University of Iowa News Release
Release: April 4, 2003
Genomics Center Holds Open House, Symposium April 11
The Roy J. Carver Center for Comparative Genomics at the University of Iowa will host an open laboratory from noon to 2 p.m. Friday, April 11 in the labs on the second floor of the Old Biology Building, Dubuque Street and Jefferson Avenue, and a symposium beginning at 2:30 p.m. in Kollros Auditorium in Biology Building East.
The free, public symposium, titled “Comparative Genomics: Genotype to Phenotype,” and related events will celebrate the center's establishing grant and build upon the center's interdisciplinary collaborations.
Following a 2 p.m. tea in the Biology Building East Lobby, Linda Maxson, dean of the College of Liberal Arts and Sciences, will deliver opening remarks in Kollros Auditorium. Scheduled symposium topics and speakers are: "Insights on Photosynthesis Evolution with a Functional Perspective," Elizabeth Gantt, University of Maryland; "Rules governing cis-regulatory module structure/function," Martin Kreitman, University of Chicago; "The evolution of pathogen resistance in Arabidopsis thaliana," Joy Bergelson, University of Chicago; and "Genome Scans for Footprints of Selection," Chip Aquadro, Cornell University.
UI biology faculty and center principal investigators offering introductory remarks for the four symposium talks are: assistant professor Debashish Bhattacharya, associate professor Josep Comeron, professor Stephen Hendrix, and assistant professor Bryant McAllister.
William Ballard, center director, principal investigator and professor in the biological sciences, says that the center is a leader in examining DNA sequences from many diverse organisms to establish the commonalities and differences between them. “The symposium brings to Iowa several leaders in the field of comparative genomics. As the symposium title suggests, the speakers will provide insights from the translation of DNA sequence data to its effect on the organism’s development as discovered through the use of comparative genomics methods,” Ballard said.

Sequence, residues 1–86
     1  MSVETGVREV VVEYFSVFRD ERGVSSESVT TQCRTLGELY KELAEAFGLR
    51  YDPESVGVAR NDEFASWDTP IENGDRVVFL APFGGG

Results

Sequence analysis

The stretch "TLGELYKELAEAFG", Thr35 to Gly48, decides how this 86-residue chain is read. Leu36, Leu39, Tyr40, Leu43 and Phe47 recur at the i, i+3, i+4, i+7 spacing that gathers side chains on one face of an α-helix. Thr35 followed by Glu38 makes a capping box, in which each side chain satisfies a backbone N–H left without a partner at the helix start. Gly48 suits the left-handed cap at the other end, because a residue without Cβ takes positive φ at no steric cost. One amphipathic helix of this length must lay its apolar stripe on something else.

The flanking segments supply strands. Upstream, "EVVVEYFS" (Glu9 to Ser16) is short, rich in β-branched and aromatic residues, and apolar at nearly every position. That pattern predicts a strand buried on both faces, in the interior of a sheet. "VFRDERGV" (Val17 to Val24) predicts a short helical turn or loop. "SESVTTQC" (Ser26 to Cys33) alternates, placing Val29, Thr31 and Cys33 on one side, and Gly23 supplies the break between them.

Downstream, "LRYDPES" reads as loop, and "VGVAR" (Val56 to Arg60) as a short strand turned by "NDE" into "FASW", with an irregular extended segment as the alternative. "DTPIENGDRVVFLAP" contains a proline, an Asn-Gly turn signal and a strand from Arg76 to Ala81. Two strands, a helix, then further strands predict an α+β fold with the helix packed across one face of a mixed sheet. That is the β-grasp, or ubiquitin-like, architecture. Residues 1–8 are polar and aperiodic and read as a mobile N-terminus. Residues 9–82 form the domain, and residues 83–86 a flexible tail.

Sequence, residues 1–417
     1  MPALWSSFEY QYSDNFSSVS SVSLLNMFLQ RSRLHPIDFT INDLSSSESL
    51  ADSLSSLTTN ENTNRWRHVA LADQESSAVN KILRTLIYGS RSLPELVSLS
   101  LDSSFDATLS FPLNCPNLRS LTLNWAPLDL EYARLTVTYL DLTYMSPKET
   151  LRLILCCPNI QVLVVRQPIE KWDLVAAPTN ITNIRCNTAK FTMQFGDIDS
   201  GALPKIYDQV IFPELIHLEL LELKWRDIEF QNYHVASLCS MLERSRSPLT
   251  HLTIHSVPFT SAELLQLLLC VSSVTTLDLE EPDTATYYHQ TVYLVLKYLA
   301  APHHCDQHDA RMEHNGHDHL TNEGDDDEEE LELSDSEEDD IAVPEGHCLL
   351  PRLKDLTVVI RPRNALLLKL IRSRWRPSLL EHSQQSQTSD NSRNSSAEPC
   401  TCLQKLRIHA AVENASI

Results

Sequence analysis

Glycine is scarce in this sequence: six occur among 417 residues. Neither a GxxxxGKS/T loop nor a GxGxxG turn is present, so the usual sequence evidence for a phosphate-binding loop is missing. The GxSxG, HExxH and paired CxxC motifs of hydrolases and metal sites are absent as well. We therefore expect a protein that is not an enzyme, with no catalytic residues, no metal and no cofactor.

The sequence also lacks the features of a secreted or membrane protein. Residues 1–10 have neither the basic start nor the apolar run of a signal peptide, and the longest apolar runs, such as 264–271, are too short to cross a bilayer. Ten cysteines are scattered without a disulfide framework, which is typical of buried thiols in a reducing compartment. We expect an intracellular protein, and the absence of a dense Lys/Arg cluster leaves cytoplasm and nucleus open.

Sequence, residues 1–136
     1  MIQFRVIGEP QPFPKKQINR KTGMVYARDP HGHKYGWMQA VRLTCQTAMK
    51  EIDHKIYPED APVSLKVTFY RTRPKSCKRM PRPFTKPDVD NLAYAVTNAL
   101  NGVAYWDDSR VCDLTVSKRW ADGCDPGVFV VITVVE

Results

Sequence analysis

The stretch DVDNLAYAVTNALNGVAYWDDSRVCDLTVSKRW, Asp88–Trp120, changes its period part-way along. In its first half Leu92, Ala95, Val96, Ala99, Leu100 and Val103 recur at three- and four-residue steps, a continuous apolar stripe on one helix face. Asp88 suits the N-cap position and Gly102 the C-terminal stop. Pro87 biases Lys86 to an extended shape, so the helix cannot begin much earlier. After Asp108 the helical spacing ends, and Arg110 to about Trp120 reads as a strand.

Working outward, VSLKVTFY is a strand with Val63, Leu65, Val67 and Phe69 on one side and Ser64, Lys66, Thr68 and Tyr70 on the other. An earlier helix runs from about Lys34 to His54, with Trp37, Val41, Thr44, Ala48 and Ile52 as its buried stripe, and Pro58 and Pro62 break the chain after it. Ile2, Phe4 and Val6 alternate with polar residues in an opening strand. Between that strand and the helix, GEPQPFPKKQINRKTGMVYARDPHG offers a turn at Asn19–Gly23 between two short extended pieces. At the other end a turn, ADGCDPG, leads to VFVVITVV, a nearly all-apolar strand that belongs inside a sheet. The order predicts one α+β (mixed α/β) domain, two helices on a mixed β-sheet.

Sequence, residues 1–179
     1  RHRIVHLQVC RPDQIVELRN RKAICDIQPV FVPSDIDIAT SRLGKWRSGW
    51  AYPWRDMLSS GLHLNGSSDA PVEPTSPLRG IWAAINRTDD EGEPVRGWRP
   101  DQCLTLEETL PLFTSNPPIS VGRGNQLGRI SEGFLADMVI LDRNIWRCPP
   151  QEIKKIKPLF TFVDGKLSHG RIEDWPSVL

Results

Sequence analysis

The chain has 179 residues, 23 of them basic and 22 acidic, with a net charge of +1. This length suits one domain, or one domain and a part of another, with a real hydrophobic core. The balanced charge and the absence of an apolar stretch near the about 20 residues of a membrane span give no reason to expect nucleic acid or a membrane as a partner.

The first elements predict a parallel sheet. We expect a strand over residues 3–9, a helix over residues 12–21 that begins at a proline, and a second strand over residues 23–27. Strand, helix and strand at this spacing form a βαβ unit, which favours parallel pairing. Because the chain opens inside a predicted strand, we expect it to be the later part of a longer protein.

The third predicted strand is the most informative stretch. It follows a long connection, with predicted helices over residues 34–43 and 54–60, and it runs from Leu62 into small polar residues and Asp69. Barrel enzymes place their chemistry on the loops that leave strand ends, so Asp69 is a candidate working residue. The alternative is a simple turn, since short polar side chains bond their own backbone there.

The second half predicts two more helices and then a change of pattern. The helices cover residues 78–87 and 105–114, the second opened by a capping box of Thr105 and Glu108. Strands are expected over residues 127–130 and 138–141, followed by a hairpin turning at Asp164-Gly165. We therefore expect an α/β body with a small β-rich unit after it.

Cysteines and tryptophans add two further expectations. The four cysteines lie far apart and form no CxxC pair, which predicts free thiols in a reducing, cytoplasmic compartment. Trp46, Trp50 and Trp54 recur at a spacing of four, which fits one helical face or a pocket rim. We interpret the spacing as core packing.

Established in the fall of 2001 with a $700,000 grant from the Roy J. Carver Charitable Trust of Muscatine, the center is a part of the UI department of biological sciences in the College of Liberal Arts and Sciences. The center supports research and training of graduate and undergraduate students through close collaboration with the curriculum in biological sciences and through cooperative interactions with other departments and faculty members on campus.
Occupying some 8,000 square feet on the second floor of the Old Biology Building and about 12,500 square feet in the Biology Building, the center is one of the first of its kind in the United States. It distinguishes the UI as a leader in the new and emerging discipline of comparative genomics, the study of the inter-relatedness of all life forms. For more information on the day’s events, please consult the center Webpage at http://www.biology.uiowa.edu/ccg/invitation2.htm.
STORY SOURCE: University of Iowa News Services, 300 Plaza Centre One, Suite 301, Iowa City, Iowa 52242-2500.
CONTACT: Gary Galluzzo, Writer, 319-384-0009, email@example.com.